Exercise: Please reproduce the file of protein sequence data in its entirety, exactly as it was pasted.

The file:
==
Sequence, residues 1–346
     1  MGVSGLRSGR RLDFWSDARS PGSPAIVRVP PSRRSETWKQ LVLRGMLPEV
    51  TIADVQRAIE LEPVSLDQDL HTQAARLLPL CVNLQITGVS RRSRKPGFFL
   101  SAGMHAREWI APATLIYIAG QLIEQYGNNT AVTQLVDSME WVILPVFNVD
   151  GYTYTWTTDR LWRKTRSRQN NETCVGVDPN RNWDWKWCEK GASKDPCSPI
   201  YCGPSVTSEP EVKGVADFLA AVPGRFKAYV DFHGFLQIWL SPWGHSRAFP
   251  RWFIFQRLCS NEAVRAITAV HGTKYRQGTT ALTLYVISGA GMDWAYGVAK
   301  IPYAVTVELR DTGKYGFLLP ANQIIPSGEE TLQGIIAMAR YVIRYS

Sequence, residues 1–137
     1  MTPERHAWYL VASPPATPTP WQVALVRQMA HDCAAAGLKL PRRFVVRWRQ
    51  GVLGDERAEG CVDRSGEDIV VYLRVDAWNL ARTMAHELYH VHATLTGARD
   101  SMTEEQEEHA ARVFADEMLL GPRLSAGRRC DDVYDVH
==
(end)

Sequence, residues 1–346
     1  MGVSGLRSGR RLDFWSDARS PGSPAIVRVP PSRRSETWKQ LVLRGMLPEV
    51  TIADVQRAIE LEPVSLDQDL HTQAARLLPL CVNLQITGVS RRSRKPGFFL
   101  SAGMHAREWI APATLIYIAG QLIEQYGNNT AVTQLVDSME WVILPVFNVD
   151  GYTYTWTTDR LWRKTRSRQN NETCVGVDPN RNWDWKWCEK GASKDPCSPI
   201  YCGPSVTSEP EVKGVADFLA AVPGRFKAYV DFHGFLQIWL SPWGHSRAFP
   251  RWFIFQRLCS NEAVRAITAV HGTKYRQGTT ALTLYVISGA GMDWAYGVAK
   301  IPYAVTVELR DTGKYGFLLP ANQIIPSGEE TLQGIIAMAR YVIRYS

Sequence, residues 1–137
     1  MTPERHAWYL VASPPATPTP WQVALVRQMA HDCAAAGLKL PRRFVVRWRQ
    51  GVLGDERAEG CVDRSGEDIV VYLRVDAWNL ARTMAHELYH VHATLTGARD
   101  SMTEEQEEHA ARVFADEMLL GPRLSAGRRC DDVYDVH